Yet there are real, tangible benefits to networking. Conversations with work friends can lead to opportunities. You might hear about an upcoming job opening before it gets posted. You’re more likely to find out the inside scoop about an employer. Your connections might approach you to speak on your area of expertise, giving you the chance to promote your skills and knowledge. Or when you’re a candidate for a job, you might know someone who can put in a good word for you (in addition to your professional references).

Networking isn’t just about sharing business cards or building up your LinkedIn connections, though. For your network to be effective, you need to have or build relationships with your associates. You don’t want your connections to decline to connect, grow stale, or drop you because it’s a one-way connection. Making your network work for you means meeting people organically, and then thinking of your associates as real, genuine relationships. People who are not just looking out for you, but who are invested in keeping a relationship with you. So how can you do this? There’s two easy steps.

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Thoughts on credentials

I’ve been thinking a lot lately about credentials. For the first few years after I started working full-time in a new field, I was relishing *just* working. I finally had some semblance of work-life balance and had no reason to consider building up my credentials. My existing credentials had gotten me in the door and then the quality of my work itself was good enough to not just keep me there, but to get me promoted a couple of times early on.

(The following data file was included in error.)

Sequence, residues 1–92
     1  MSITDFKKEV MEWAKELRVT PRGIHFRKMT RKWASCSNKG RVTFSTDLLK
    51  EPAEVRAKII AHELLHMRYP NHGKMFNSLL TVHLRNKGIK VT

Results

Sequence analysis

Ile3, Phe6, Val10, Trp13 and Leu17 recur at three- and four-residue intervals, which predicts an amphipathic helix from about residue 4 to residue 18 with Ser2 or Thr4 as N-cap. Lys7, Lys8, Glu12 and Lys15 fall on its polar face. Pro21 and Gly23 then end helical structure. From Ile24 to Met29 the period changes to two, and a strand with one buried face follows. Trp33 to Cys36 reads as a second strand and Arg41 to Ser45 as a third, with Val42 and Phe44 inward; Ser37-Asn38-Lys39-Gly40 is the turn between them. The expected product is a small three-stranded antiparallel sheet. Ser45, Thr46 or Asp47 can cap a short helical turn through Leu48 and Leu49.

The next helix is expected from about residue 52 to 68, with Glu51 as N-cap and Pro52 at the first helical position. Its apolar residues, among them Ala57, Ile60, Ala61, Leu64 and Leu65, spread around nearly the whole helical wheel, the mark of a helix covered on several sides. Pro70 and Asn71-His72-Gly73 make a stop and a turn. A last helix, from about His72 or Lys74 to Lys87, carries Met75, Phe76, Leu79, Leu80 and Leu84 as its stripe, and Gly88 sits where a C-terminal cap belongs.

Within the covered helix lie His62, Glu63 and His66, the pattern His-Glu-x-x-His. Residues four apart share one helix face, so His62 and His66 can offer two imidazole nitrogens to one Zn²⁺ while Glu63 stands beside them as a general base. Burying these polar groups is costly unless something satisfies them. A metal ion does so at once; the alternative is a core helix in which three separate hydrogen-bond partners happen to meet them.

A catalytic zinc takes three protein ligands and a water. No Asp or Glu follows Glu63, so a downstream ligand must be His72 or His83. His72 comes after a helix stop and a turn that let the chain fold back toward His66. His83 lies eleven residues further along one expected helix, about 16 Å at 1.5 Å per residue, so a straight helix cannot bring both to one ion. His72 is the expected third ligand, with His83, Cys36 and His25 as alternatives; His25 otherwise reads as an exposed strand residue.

But it’s not just that I was fine leaving well enough alone. I also had a certain, well, attitude about it. I refused to consider another degree or a certification. I felt strongly I had already done more than my fair share of time as a student.

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Work Skills Talk: Overcoming Procrastination

My post last week about impostor syndrome got me thinking. It’s not just impostor syndrome academics who tend to struggle with putting limits around info gathering. It’s common among all academics. And so that made me think about other work skills that us academics all need to work on a bit. These are some habits that we academics – yes, even me! – pick up through grad school and beyond. Note that I’m not labeling these habits as good or bad – they can serve us well, but they can also be our worst enemies at times. But let’s be real: there are some academic habits that I have needed to adjust, work around, or just plain kick to the curb over the years. These rear their heads most prominently when you first start working or when you transition into a whole new career, so if you’re new to your job, listen up. (But that doesn’t mean we can’t all use a refresher.) Let’s start with a REALLY common one: procrastination.

We all know we need to stop procrastinating. WAY easier said than done, though, so we all need to continuously work on this one, unfortunately. I truly think this can be a lifelong struggle. (Sorry, don’t mean to be a downer!). Procrastination can take many forms.